After Google, another US tech giant, Apple, has faced the ire of the Indian taxman. An income tax tribunal has disallowed Apple’s warranty claims to be adjusted against outgoing taxes.
Ruling that Apple had derived an income advantage by using more warranty provisions than it was entitled to, the Income Tax Appellate Tribunal in Bengaluru disallowed the deductions claimed by the iPhone maker for the assessment years 2013-14 and 2014-15. The company used to create a warranty provision at the end of every year at a specified percentage of sales. However, the assessing officer of the tax department found the provision was created on an ad hoc basis — no scientific method was used and neither was it based on historical trends.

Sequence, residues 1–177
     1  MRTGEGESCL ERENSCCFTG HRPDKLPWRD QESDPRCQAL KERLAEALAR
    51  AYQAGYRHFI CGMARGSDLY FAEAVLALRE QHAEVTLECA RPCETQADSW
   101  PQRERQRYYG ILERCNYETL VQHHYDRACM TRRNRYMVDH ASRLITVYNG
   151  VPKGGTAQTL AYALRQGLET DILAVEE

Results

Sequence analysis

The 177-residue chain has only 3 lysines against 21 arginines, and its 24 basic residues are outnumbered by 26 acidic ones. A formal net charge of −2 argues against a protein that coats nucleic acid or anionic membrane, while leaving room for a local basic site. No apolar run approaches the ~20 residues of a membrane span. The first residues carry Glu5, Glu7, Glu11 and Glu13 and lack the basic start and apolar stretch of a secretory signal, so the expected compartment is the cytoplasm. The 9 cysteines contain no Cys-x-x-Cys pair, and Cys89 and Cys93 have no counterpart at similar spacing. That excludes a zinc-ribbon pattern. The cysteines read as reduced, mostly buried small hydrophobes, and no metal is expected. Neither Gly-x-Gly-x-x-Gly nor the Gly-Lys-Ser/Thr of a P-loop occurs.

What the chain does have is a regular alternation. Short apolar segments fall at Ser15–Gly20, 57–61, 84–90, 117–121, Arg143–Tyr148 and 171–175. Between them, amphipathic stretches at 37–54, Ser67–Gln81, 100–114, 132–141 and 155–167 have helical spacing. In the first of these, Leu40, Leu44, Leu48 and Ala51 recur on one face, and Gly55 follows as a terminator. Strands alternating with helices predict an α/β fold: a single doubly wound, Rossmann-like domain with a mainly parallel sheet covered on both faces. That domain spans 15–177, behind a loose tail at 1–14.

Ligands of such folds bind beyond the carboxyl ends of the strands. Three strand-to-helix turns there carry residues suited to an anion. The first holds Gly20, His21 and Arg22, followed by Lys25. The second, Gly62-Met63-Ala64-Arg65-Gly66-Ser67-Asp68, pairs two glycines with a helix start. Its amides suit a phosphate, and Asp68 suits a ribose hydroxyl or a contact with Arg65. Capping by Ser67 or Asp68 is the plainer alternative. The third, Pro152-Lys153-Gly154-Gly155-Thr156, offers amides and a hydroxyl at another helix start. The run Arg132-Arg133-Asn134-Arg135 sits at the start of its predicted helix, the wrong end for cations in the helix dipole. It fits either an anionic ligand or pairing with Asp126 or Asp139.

Based on the analysis, the officer disallowed the deductions. The officer noticed that during the year in question, the warranty provision had spiked. Apple then filed an appeal with the tribunal for the two assessment years.
The tribunal said the reasons for the higher provisions were two-fold: the percentage at which it was calculated ranged from 2% to 10% and the excess set aside in previous years was not reversed even after the expiry of the warranty period.
The order noted that “the company had derived benefit by deferring its income to the extent of excess provision to subsequent years and such provision can’t be said to be reliable for the purpose of calculating its income. Hence, the excess provision made by the assessee was disallowed and taxed in its hands. Further, the tribunal restricted the amount of provision for warranty to the extent of 2.14% of its sales.”
This is not the first time the judiciary has resolved a dispute over allowing warranty provisions. Courts have concluded that warranty provision deductions should be allowed only if they have been calculated and recognised on a scientific basis and they are in accordance with the trend of past years.